J.M. Coetzee is Professorial Research Fellow at the University of Adelaide. He is the author of sixteen works of fiction, as well as many works of criticism and translation. He was awarded the Nobel Prize in Literature in 2003. (January 2017)
The nineteenth century was the heyday of the Great Writer. In our times the concept of greatness has fallen under suspicion, especially when attached to whiteness and maleness, and Great Writers courses have largely been retired from the college curriculum. But to call Patrick White a Great Writer—specifically a Great Writer in the Romantic mold—seems right, if only because he had the typically great-writerly sense of being marked out from birth for an uncommon destiny and granted a talent—not necessarily a welcome one—that it is death to hide, that talent consisting in the power to see, intermittently, flashes of the truth behind appearances.
As a writer, Gerald Murnane is a radical idealist. His fictional personages or “image-persons” (characters is a term he does not use) have their existence in a world much like the world of myth, purer, simpler, and more real than the world from which they take their origin. For readers who, despite Murnane’s best efforts, cannot tell the difference between image-persons and figments of the human imagination, it may be best to treat Murnane’s theorizing—which extends into the very texture of his fiction—as no more than an elaborate way of warning us not to identify the storytelling I with the man Gerald Murnane, and therefore not to read his books as autobiographical records, accountable to the same standard of truth as history is. The I who tells the story will be no less a constructed figure than the actors in it.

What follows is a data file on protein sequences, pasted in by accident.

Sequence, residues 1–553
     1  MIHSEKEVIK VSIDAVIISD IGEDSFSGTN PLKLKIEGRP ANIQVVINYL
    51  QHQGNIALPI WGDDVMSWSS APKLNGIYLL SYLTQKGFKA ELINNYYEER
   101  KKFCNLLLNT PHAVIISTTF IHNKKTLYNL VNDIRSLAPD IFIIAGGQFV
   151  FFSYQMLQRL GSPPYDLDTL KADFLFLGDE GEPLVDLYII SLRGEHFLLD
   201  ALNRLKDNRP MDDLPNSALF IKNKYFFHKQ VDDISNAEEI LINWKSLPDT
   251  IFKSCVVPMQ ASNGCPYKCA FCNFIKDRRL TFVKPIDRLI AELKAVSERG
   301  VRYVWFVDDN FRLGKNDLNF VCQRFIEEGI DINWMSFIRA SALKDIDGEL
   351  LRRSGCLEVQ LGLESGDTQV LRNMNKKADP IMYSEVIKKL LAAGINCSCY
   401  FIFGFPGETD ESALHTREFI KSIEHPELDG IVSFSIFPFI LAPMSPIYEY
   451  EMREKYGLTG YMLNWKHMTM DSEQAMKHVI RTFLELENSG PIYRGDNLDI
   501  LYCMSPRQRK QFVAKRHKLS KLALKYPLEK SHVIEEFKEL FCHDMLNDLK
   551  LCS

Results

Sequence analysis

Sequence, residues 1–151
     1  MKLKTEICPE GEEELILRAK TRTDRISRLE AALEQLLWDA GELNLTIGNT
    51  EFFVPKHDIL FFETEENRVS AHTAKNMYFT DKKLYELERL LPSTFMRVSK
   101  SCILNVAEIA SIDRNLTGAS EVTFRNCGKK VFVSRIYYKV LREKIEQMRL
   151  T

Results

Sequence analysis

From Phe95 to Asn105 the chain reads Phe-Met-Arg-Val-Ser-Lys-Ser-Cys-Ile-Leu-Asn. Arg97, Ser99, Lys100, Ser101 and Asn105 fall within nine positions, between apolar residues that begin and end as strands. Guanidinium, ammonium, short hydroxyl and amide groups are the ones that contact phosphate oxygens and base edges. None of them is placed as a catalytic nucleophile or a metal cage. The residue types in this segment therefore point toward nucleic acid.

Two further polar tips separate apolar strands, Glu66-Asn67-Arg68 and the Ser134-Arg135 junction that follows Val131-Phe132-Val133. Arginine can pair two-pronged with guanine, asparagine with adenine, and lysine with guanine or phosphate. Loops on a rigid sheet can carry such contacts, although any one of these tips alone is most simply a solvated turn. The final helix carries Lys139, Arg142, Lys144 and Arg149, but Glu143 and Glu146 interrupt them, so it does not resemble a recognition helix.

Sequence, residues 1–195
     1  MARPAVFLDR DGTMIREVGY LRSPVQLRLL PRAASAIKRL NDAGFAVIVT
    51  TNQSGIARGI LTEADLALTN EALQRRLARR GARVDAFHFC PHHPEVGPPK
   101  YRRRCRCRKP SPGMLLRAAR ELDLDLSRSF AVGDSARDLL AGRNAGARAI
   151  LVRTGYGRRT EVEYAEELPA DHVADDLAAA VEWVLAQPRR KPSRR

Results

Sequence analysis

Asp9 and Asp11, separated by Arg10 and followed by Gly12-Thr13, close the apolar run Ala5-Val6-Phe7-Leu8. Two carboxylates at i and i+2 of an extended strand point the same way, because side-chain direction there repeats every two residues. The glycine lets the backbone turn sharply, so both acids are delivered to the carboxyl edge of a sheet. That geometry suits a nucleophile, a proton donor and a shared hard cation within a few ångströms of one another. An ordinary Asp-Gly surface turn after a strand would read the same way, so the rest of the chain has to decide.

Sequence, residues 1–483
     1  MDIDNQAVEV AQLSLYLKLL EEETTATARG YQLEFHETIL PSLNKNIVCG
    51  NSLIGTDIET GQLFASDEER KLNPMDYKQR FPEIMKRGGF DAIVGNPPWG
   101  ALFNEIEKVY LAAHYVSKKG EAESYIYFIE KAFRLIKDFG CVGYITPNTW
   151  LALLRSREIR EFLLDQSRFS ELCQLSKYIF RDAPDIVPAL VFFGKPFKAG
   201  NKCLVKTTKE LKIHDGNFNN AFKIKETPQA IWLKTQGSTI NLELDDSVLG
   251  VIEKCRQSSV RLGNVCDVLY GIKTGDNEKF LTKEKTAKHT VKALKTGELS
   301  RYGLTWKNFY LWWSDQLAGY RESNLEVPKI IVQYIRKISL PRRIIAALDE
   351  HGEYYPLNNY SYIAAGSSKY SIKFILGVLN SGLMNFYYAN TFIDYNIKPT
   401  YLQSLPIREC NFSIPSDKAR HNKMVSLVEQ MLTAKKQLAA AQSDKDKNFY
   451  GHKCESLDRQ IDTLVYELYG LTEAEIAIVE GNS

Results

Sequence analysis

by Johann Wolfgang von Goethe, translated from the German by Stanley Corngold
Two energies go into the making of Werther: the confessional, which gives the book its tragic emotional force, and the political. Passionate and idealistic, Werther is representative of the best of a new generation of Germans sensitive to the stirrings of history, impatient to see the renewal of a torpid social order. An unhappy love affair may precipitate his suicide, but the deeper cause is the failure of German society to offer young people like him anything but what Goethe would later call “dull, spiritless citizen life.”
What is at stake in the choice for or against Modernism is, in Les Murray’s eyes, not just the survival in Australia of simple, humane, communal, old-fashioned country values but, more widely, the survival worldwide of a way of life thousands of years old. Murray’s conservatism is defined by his defense of this traditional way of life.
Philip Roth’s Nemesis, set in Newark in the polio summer of 1944, places him in a line of writers who have used the plague condition to explore the resolve of human beings and the durability of their institutions under attack by an invisible, inscrutable, and deadly force. In this respect the plague condition is simply a heightened state of the condition of being mortal.